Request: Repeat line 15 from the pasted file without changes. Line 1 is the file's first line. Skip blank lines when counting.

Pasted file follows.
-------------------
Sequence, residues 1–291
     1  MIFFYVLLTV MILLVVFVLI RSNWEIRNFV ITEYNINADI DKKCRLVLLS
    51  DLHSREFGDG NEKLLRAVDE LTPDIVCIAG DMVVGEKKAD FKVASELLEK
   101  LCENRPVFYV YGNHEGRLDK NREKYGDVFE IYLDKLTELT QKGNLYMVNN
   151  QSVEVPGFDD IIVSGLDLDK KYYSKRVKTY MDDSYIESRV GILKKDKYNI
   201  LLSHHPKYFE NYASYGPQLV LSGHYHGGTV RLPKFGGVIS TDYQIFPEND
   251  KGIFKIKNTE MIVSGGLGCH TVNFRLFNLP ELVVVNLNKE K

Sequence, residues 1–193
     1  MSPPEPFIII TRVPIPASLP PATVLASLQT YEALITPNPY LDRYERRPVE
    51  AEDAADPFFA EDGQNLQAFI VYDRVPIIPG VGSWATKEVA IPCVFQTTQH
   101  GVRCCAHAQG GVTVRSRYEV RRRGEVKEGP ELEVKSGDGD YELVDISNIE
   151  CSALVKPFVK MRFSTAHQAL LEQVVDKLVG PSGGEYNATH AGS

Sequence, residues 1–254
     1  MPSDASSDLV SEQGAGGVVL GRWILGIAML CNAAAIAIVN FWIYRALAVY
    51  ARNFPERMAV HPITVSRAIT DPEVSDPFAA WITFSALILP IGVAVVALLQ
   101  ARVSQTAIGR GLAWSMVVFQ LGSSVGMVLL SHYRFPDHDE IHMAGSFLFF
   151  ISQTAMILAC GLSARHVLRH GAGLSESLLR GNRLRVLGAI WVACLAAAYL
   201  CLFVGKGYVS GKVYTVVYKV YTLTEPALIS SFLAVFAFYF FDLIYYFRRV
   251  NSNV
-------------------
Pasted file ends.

    51  ARNFPERMAV HPITVSRAIT DPEVSDPFAA WITFSALILP IGVAVVALLQ